There are very few places in the world with such an active, vibrant startup community as in the San Francisco Bay Area. Which is why some Analog Garage Venture team members conduct their strategic partnership exploration extensively there.
Silicon Valley Senior Marketing Manager Sylvain Marseille collaborates to find solutions to important problems with Analog Garage’s Bay Area accelerator partners, like Alchemist. Alchemist is unique in that it exclusively works with startups with solutions for the enterprise.
Sylvain says he enjoys working with Alchemist because its B2B focus aligns well with Analog Devices (ADI), which is so well entrenched in industrial markets. He just attended a Demo Day for one Alchemist class. And the cycle is set to begin again, with the next class set to kick off in August.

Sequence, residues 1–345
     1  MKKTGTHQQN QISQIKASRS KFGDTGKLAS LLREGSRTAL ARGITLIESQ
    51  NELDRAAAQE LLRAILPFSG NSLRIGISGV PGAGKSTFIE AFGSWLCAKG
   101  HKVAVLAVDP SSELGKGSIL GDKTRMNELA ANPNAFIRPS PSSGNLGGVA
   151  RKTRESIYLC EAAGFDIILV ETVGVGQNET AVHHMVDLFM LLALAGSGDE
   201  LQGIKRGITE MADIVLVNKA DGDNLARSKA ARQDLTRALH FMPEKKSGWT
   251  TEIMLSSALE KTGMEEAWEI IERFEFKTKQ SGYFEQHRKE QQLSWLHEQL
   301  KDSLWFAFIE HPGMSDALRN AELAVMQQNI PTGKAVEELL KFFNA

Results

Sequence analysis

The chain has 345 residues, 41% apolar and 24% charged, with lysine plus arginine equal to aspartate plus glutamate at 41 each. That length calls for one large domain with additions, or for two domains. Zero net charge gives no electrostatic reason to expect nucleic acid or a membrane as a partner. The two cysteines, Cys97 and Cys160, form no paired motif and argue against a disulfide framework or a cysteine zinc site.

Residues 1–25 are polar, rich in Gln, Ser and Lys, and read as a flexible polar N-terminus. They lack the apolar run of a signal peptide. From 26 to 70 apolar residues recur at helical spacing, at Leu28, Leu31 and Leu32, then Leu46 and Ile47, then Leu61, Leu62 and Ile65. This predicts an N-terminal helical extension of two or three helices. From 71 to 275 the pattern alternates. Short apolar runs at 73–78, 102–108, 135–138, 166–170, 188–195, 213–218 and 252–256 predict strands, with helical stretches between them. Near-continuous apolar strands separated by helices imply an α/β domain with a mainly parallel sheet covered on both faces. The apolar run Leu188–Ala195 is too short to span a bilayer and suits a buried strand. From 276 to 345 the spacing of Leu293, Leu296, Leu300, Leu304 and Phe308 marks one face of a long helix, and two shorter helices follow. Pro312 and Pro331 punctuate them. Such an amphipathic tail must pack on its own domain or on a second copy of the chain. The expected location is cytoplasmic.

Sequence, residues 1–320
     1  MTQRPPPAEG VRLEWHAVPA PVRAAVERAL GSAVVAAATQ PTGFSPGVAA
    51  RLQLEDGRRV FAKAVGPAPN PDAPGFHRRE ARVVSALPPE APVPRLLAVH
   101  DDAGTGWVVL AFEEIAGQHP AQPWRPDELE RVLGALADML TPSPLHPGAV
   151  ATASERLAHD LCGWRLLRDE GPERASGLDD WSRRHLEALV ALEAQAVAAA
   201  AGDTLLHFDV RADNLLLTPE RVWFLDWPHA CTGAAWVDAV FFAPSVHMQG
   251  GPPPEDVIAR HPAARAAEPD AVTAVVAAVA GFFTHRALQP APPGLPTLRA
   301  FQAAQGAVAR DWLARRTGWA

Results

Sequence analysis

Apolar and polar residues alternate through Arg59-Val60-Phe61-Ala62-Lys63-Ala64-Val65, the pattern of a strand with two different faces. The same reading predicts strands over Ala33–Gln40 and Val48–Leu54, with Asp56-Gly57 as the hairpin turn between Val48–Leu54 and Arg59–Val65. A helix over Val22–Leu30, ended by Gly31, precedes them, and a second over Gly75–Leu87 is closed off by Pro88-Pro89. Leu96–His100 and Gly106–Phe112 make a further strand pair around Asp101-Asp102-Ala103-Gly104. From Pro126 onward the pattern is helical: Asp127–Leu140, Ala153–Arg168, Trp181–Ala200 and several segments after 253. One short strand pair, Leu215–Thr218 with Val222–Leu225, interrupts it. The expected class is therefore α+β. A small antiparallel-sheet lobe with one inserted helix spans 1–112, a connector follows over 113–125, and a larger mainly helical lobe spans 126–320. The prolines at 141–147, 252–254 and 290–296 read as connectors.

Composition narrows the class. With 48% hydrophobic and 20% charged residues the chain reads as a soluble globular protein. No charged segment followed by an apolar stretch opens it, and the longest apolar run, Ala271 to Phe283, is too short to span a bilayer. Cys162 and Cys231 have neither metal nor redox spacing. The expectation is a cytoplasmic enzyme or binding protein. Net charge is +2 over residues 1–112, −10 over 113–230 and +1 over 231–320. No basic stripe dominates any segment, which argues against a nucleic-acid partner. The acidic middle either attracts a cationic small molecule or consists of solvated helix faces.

Image of Alchemist Demo Day kickoff
We sat down with Sylvain and Ravi Belani, a Managing Partner at Alchemist, to talk about what goes into preparing a class for its Demo Day, and how the activity helps further the partnership between Alchemist and the Analog Garage.
Ravi Belani, Managing Partner at Alchemist Sylvain Marseille, Sr. Marketing Manager Analog Garage
Q: How does the Analog Garage and Alchemist work together?
Sylvain: We are a Strategic investor in the Alchemist fund. This gives the Analog Garage team preferential access to the startups once they have been accepted into the program.